EDI – The Key Solution for Your Supply Chain

Nowadays, organizations must handle the flow of goods and services from suppliers to customers efficiently in order to remain competitive. This includes operations such as inventory management, order processing and shipping.

EDI (electronic data interchange), is one of the most widely used supply chain digitization solutions, playing a crucial role in optimizing supply chain processes by providing real-time visibility into processes, bringing multiple benefits to companies including efficiency improvements and cost reductions.

Definition of EDI in the supply chain

The implementation of EDI in the supply chain can automate various processes, such as:

  • Order to cash
  • Facilitating communication between buyers and suppliers through the electronic exchange of purchase orders, invoices and other relevant documents

This automation improves:

  • Efficiency by reducing manual data entry errors and eliminating the need for paper-based processes
  • Real-time tracking of shipments
  • Timely delivery of orders 

EDI also brings multiple benefits to the production process, as it automates critical tasks, such as:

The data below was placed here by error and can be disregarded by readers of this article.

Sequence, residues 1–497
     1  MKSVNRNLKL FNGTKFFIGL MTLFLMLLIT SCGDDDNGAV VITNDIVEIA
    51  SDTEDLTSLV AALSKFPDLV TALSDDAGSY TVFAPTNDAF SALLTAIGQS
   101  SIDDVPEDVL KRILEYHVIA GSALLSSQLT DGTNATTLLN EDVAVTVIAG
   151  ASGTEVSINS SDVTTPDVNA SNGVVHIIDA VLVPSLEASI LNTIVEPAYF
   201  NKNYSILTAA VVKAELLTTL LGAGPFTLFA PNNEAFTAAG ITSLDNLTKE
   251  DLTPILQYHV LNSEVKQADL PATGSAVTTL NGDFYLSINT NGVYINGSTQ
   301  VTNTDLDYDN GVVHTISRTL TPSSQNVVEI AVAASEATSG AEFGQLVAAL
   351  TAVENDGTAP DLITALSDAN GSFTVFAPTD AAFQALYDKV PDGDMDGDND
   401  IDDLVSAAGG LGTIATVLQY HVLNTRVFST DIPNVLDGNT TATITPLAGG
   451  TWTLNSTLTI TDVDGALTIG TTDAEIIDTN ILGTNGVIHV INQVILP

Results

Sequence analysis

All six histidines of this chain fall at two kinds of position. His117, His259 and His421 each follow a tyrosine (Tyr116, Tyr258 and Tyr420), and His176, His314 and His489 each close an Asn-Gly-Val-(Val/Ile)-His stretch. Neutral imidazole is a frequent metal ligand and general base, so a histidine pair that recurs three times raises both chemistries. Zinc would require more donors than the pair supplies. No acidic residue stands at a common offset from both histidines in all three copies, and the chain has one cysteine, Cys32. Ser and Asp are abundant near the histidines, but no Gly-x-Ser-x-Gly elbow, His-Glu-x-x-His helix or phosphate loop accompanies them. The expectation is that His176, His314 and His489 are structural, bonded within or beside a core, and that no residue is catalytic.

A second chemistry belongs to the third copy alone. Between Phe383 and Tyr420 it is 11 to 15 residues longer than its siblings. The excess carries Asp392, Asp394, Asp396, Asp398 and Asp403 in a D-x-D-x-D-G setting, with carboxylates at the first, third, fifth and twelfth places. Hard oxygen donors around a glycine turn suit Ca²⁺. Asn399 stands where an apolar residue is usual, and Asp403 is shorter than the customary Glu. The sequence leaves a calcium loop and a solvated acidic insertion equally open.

• Monitoring inventory levels
  • Improving delivery times and production scheduling accuracy 

Furthermore, EDI integration with inventory management systems allows real-time monitoring of stock levels, enabling timely replenishment and minimizing shortages. Another example of optimization in the supply chain is distribution, where EDI helps automate shipments with logistics partners and subsequent tracking of deliveries, providing greater control over distribution operations and visibility, and improving supply chain efficiency.

How does EDI work in supply chain?

What distinguishes EDI from other data exchange systems is the standardization of documents exchanged, which is achieved through a common language following industry standards, (EDIFACT in the large-scale retail trade, ODETTE in the automotive sector, ASC X12, etc.).

As a result, it is possible to carry out all the transactions that usually take place between partners, by exchanging the following documents electronically: orders, transport documents, shipping notices, invoices, inventories, price lists, and many more.